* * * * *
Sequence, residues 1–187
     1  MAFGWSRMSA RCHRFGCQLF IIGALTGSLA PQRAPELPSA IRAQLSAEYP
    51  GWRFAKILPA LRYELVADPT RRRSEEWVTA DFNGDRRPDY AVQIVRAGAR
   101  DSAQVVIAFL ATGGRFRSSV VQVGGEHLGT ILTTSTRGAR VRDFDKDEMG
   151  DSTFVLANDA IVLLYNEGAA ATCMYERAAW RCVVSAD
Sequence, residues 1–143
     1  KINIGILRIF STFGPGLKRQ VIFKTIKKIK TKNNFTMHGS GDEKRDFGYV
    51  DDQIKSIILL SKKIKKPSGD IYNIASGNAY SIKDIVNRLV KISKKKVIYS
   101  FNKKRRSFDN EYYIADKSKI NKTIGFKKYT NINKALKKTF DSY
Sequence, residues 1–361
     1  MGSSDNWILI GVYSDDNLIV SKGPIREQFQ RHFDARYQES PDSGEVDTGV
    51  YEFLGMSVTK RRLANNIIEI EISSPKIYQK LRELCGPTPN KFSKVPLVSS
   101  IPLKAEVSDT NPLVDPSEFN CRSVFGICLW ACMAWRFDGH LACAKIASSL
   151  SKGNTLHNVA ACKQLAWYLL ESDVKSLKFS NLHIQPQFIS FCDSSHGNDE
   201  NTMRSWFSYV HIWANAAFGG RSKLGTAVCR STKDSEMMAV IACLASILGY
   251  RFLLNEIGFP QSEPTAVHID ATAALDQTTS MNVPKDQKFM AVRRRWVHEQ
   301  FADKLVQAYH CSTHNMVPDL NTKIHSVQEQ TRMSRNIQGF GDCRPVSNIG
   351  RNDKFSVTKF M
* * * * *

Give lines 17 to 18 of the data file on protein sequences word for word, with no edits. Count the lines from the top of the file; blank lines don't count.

   301  FADKLVQAYH CSTHNMVPDL NTKIHSVQEQ TRMSRNIQGF GDCRPVSNIG
   351  RNDKFSVTKF M